06 December, 2010

Helping friends doesn't add to your wealth

Seek professional help for investment advice

Money plays an important role in people’s lives. Yet, when one has it, it is seldom given the importance it deserves. People look forward to earning more money rather than managing the money that they already have. This is probably why, money in bank accounts, is not deployed for an extended period of time. People don’t realise they are missing an opportunity to earn profits on them.

The money lies around till they hear about some good investment or insurance ideas from friends and family. Many of us have friends and relatives working in the financial services sectors, who approach us for business. More often than not, they get both attention and business from us. While putting one’s money into any of the “amazing schemes” that one hears, most don’t really care to understand what the scheme means, what the risks involved are, how the scheme works and so on. The reason for this carefree attitude is the blind faith one has in their friends or relatives. Everyone likes to believe, our friends and relatives will do the best for us.

This is a classic problem that we all face today. Most times, our relative or friend has just joined the insurance or finance business. When a person is stepping into a new business, he or she is desperately looking for business. They have to sell the products they have taken up. They are looking for support from their friends and relatives. A newcomer typically spends the first six to twelve months, tapping this ready market of his close ones. Even companies hiring agents are betting on making initial business from the newbie’s inner circle.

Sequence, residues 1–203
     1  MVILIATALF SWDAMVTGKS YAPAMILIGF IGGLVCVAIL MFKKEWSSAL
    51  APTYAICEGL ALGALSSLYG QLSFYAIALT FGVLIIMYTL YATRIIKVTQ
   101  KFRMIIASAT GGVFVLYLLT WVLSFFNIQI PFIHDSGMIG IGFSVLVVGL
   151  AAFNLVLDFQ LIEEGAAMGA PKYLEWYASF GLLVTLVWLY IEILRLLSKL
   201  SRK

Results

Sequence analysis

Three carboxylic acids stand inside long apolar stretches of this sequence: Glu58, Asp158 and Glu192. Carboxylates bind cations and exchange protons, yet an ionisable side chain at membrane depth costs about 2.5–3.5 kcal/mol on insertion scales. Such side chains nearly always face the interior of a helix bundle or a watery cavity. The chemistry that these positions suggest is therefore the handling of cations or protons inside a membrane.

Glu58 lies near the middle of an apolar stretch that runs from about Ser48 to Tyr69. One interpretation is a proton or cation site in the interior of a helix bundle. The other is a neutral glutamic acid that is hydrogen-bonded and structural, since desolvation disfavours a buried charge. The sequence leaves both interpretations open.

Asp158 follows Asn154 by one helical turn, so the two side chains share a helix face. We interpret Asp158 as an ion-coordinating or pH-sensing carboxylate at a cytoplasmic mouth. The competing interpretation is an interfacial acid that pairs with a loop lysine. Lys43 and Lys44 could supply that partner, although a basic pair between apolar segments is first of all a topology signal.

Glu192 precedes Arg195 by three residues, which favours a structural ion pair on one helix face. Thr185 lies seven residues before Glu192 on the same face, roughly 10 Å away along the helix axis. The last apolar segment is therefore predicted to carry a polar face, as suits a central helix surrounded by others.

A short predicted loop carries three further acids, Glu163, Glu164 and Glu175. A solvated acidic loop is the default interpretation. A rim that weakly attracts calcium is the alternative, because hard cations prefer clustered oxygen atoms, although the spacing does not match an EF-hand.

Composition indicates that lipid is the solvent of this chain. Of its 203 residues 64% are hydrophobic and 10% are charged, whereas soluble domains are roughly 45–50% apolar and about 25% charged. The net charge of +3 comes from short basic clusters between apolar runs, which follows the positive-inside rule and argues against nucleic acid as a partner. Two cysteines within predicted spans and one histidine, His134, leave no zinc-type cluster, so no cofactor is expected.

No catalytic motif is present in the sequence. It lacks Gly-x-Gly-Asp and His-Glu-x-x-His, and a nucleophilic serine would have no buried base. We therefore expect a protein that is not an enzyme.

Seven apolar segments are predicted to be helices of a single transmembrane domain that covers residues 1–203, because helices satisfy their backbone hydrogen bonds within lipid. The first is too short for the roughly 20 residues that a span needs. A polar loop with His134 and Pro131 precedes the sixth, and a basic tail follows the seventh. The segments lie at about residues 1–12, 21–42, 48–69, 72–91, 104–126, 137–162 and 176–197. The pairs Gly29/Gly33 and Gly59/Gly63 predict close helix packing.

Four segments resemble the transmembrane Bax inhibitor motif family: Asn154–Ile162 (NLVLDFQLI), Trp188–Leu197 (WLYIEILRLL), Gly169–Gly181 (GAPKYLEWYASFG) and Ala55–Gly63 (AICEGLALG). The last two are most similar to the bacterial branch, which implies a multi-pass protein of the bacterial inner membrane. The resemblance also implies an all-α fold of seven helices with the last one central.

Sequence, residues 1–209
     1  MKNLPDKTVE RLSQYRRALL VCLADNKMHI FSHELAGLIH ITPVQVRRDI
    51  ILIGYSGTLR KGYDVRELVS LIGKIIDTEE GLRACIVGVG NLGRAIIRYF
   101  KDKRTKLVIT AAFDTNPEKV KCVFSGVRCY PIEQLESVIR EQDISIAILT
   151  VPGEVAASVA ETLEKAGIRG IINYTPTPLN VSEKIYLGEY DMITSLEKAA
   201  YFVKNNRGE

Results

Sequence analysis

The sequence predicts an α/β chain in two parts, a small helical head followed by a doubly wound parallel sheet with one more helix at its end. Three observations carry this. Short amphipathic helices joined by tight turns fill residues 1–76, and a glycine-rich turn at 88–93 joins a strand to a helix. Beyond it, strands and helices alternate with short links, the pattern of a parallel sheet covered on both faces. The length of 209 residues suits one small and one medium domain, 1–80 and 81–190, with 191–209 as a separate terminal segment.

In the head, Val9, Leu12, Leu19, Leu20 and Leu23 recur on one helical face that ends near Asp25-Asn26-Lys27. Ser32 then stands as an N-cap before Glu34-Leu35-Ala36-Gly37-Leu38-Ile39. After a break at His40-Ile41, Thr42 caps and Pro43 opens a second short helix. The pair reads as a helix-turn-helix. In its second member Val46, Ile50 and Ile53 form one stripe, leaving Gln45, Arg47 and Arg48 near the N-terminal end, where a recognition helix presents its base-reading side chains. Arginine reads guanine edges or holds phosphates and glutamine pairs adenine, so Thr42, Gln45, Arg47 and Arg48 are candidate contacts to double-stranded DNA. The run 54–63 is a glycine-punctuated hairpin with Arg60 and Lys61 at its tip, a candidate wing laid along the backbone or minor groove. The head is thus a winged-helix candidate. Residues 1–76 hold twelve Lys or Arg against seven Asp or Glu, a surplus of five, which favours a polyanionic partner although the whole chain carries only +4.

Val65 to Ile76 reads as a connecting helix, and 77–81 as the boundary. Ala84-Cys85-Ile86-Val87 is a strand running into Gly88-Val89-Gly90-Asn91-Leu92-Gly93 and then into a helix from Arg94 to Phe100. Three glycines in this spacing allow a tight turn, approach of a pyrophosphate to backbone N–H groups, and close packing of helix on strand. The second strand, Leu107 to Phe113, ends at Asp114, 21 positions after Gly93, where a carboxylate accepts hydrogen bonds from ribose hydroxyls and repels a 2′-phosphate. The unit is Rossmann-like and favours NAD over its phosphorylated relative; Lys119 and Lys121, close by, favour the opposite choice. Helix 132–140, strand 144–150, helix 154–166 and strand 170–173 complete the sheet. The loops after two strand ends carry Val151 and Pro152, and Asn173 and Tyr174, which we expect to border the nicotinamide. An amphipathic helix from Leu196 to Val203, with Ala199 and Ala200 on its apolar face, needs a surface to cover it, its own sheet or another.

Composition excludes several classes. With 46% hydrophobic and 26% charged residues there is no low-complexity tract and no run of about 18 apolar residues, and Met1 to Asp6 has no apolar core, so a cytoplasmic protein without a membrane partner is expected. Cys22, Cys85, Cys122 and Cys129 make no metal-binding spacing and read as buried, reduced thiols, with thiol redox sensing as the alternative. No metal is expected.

As supportive relatives and friends, most people succumb to such proposals even though at a loss. A person may take an insurance policy with a premium of Rs 15,000 per annum, just to please their relative. Later, when they find the product unsuitable to their needs, they still stick to it. You cannot walk out on your relative or friend. If it is a traditional product, they had bought before the new insurance regime, they will have to pay the premium for three years before surrendering. After having spent Rs 45,000 for three years, all they may get is Rs 15,000. That's a lot of money to lose simply because you cannot say ‘no’ to your relative or friend. The money lost is with the insurance company. The relative has probably made Rs 4,000- 5,000 from what has been paid in three years.

Relatives and friends may not be selling what is good for the person - they may be pushing what they have to sell. A person from insurance will sell insurance policies to you, whether you require insurance or not. There are other problems too. When you invest in a financial product, you require proper servicing, over the tenure of the product. A newbie, especially those who plan to take up the job on a part time basis, may not be in the system after a year. In insurance, the drop-out rates are very high. Even when a person does not drop out, if he does not conduct his business seriously, it will impact the service levels. What’s worse, since this person is known, he cannot be taken to task.

When it comes to investing money, it makes sense to choose advisors who can help by giving out the right information and can be pulled up in case they don’t perform. One must have the freedom to change one’s advisor if need be. After all, it is a good amount of money at stake. Do give relatives and friends some business, but only if, they are able to stand scrutiny. Else, one should think of other ways to help them but it is best to keep one’s money with professionals. Mixing money and personal relationships can bring more problems than pleasure.

Published in Business Standard on 10/10/2010

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